“Please stay on the line” : A cautionary tale

While at dinner yesterday, I heard about a particular scam that’s doing the rounds, and felt I should really share it as far and wide as possible.

A friend of a friend received a phone call. In the UK. On his home phone number. A landline.

The call was from the police. And the call was simple.

“Good evening. This is X calling from Police Station Y. We’ve apprehended some youths who had an inventory of cloned credit cards with them. Your details were amongst them. We recommend you call your card fraud unit immediately to report the clone and to cancel the cards.”

So this friend of a friend immediately took out his cards, looked up the fraud number, called them, and then went through the formal rigmarole of identifying everything possible about him, sharing confidential details.

All well and good.

Until that card was emptied of all value.

Because he hadn’t been speaking to the fraud department.

And he hadn’t been called by the police.

The call from the “police” was a scam. And when that call “finished”, they didn’t hang up, they just stayed on …. silent. So when he dialled out to the fraud department, he wasn’t dialling anyone. He was just pressing digits. And when he got through to the fraud department, he was talking to the fraudsters.

Who helped him divulge all the confidential information they would need.

And then helped themselves to his funds.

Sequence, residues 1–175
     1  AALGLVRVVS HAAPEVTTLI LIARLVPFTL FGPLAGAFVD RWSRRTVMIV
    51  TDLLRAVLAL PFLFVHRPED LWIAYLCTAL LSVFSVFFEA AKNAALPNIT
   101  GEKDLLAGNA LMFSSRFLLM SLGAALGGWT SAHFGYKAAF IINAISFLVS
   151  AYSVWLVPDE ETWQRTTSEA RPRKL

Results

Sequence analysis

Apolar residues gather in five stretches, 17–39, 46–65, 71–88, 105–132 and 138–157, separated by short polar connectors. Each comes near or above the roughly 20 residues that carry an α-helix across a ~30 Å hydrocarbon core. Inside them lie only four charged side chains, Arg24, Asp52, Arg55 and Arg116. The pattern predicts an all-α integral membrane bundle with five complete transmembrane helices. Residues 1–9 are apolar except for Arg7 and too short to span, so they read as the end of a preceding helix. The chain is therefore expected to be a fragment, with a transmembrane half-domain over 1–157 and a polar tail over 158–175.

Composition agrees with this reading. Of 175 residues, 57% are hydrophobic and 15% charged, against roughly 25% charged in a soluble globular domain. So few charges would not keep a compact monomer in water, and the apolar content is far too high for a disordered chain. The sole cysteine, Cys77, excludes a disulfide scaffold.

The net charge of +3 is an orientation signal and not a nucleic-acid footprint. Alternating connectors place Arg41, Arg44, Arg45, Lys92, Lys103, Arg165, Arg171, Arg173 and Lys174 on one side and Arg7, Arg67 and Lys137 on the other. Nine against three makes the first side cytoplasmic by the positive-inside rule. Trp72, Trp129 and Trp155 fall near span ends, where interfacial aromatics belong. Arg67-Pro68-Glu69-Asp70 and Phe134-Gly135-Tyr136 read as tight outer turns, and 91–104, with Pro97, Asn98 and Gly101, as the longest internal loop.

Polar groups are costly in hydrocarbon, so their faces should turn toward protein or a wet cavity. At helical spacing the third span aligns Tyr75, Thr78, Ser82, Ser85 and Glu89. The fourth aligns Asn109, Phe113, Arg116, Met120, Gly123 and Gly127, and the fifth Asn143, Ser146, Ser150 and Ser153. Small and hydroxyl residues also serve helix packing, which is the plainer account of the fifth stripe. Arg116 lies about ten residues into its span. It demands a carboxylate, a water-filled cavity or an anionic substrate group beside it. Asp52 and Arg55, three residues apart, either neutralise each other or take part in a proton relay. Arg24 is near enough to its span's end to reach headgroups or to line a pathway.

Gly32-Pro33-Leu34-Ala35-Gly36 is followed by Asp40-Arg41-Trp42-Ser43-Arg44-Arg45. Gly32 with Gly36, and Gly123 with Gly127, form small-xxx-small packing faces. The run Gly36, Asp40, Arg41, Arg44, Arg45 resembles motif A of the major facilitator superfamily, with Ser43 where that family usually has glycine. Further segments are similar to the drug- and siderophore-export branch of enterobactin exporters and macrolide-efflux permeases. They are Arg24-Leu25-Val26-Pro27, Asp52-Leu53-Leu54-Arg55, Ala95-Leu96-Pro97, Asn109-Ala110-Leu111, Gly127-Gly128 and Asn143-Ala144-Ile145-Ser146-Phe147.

That’s all she wrote. I suspect this only works on landlines; I suspect the process described is very UK-centric. But it sounds too easy to fall for.

Hence this post.

8 thoughts on ““Please stay on the line” : A cautionary tale”

  1. So many scams around. I had one the other day from a friend. He sent an email to say he was in Manilla and his bag had been stolen, the embassy had given him a duplicate passport but he needed money to pay his flight home and pay his hotel bill. I emailed him back and told him to give me the hotel phone number as his phone had been stolen. He replied to say his flight was leaving and the hotel wouldn’t let him leave without paying and to send the money by direct transfer as it was so urgent. I smelled a rat, but I couldn’t put my finger on it. Many people could be conned by this one too? It did sound very real. But not real enough. I didn’t send any money, but I had 4 emails in quick succession from him which all sounded like they were actually from him. I think we all have to take care, the pickpockets that abounded in Dickens time now roam the ether.

  2. Never easy to think you’ll be caught out by scam until afterwards. RMAS used a similar guise to teach Friend or Foe — make you emotional (drop your guard) bam!

  3. I found an interesting one back when I was trying to get a puppy. I found an advert from someone claiming to be a breeder getting out of the game and that they had a full litter of border collies.
    I had answered a few ads already so didn’t really see anything wrong in this.
    They emailed back asking me to fill out a questionnaire (quite comprehensive) about where I lived, my situation etc. It all seemed quite genuine and exactly the sort of thing you would do to weed out potential owners.